Some hotel guests are slobs, some are neat freaks, but when it comes to housekeeping at Canada’s hotels — whether it’s a locally owned boutique inn, a motel on the highway, or a luxury downtown location — cleanliness isn’t an option; it’s a must.

How does a hotelier know housekeeping is up to scratch? “We have a cleanliness and quality-control checklist with a score out of a 100,” says Andrew Leech, director of Housekeeping at Toronto’s Ritz-Carlton. “Anything below 95 per cent is not up to standard.” If a score is below that threshold, there’s a follow-up with the cleaner to find out what went wrong and what can be improved. Supervisors also check in on a regular basis. “Individual attendants can release an inspected guestroom,” says Leech. “The supervisors are also doing quality assessments all day on both occupied and vacant rooms.”

A checklist can apply to smaller hotels, too, such as the Peterborough Inn and Suites in Peterborough, Ont., where the hotel’s two-cleaner shift doubles to four cleaners on weekends to cover its 32 rooms. “Ours includes dusting, basic cleaning, towels,” says Jasleen Sahny, manager. “Housekeeping needs to follow those rules every morning.” The checklist may be a useful tool for hotels of all sizes, but it has its limits. A degree of flexibility and a complete commitment is essential to make sure nothing is amiss.

“Service value is built into our culture,” says the Ritz-Carlton’s Leech. “I have 60 people working for me and 267 guestrooms; I can’t see everything, and it’s expected all of us will pick up and dispose of the smallest things.” That means staff look out for candy wrappers and spills, in keeping with the hotel’s culture of accountability.

It’s about putting the time and effort into getting the right people and training them well. “What separates properties is staff training and coaching,” says Irwin Prince, president and COO of Realstar Hospitality, master franchisor for Motel 6 in Canada. “Whether it’s a standard 30-room independent hotel or a five-star behemoth, cleanliness is a must.” Prince says part of the housekeeping training involves encouraging staff to think like a guest. “They have to come out of the room and, figuratively, change shoes, then return as if they were a paying customer,” he says. “With the fresh eyes of a guest they’ll typically notice something out of place.”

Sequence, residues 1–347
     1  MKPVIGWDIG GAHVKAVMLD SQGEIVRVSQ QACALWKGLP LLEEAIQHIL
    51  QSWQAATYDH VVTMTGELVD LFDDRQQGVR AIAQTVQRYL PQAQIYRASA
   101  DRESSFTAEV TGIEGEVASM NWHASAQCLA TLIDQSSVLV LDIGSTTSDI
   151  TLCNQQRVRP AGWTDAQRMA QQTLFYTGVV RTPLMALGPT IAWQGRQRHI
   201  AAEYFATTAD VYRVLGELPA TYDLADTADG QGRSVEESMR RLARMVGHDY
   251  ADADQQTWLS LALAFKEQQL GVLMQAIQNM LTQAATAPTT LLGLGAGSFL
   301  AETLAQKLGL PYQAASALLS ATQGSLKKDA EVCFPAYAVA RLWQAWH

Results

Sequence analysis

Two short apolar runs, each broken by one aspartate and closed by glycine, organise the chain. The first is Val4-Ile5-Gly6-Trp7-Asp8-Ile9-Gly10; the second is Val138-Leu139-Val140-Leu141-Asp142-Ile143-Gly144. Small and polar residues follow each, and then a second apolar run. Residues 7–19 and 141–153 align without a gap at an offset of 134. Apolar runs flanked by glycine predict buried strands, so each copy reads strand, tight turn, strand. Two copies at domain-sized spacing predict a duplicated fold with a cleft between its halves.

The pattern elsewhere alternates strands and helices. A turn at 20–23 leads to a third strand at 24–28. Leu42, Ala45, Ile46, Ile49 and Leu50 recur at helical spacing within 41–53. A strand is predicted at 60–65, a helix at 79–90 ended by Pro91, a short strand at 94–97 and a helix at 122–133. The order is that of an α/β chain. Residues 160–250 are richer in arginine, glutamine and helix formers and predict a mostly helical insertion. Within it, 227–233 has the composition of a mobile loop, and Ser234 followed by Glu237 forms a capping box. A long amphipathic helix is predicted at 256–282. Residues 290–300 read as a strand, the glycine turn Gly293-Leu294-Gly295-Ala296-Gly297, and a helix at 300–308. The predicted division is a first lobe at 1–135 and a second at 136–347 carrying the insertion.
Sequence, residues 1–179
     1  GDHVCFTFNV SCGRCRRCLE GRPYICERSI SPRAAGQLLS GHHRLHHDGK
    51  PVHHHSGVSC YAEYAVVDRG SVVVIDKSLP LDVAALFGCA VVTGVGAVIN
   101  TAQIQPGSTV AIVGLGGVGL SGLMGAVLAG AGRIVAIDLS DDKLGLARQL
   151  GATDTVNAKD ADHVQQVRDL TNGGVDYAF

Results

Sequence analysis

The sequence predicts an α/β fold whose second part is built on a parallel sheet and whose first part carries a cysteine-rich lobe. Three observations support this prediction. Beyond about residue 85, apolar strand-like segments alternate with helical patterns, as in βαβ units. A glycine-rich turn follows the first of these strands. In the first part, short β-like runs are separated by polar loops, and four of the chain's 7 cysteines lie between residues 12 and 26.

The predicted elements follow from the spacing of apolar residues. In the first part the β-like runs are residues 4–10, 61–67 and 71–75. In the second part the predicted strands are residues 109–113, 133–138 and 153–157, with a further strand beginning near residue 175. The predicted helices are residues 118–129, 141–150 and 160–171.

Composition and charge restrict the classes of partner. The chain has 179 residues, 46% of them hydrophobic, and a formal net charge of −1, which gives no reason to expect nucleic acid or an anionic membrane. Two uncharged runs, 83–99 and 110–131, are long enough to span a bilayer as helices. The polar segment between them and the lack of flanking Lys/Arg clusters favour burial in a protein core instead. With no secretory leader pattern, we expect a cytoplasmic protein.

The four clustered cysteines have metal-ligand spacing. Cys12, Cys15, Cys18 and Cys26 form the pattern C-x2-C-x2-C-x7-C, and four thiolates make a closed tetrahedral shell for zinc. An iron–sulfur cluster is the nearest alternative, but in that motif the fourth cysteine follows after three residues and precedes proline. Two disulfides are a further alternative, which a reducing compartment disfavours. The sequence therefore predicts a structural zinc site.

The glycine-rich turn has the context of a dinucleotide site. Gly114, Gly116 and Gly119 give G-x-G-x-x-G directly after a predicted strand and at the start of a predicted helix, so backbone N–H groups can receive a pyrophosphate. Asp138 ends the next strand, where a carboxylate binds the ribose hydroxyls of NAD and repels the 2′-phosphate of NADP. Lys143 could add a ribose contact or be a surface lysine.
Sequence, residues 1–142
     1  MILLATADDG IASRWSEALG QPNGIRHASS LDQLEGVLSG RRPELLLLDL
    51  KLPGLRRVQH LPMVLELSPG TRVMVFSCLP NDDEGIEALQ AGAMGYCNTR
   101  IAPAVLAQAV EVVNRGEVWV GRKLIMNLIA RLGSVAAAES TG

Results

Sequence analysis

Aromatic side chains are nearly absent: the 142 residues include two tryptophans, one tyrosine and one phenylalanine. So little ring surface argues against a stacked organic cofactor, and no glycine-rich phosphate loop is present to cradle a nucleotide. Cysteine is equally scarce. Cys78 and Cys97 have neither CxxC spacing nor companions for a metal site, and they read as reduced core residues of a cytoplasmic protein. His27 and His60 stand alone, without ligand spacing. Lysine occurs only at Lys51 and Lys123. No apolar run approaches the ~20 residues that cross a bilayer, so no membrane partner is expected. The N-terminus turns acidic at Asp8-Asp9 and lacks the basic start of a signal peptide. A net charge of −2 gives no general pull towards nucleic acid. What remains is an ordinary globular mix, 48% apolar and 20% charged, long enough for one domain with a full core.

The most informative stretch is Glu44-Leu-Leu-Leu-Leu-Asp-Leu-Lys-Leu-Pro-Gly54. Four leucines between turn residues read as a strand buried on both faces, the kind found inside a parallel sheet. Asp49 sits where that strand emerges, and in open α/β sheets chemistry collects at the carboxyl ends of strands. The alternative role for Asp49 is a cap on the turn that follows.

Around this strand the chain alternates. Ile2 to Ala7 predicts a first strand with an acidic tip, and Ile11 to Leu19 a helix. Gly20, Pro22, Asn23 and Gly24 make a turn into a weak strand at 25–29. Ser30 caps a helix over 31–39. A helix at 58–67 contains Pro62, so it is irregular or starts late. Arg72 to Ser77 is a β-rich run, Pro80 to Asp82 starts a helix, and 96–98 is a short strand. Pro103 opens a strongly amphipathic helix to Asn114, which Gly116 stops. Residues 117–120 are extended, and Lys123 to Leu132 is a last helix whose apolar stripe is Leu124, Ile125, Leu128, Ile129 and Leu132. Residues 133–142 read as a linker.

Training becomes an investment in personnel who do more than clean; they also become ambassadors for the brand. For the Ritz-Carlton, that means starting with the big message, before focusing on the details. It begins with a “two-day orientation on Ritz-Carlton culture and history,” explains Leech. “Then there’s two weeks with a learning coach who shadows them. It then takes another week or more to ease them in.”

After training, Ritz-Carlton staff members enter a 90-day probationary period before they’re considered fully qualified. And, for a smaller hotel like the Peterborough Inn and Suites, which has a five-day training program given by an experienced staff member, the focus is on special touches.

“We train for details that we’ve attended to for years, right down to a certain way to fold a towel,” says Sahny.


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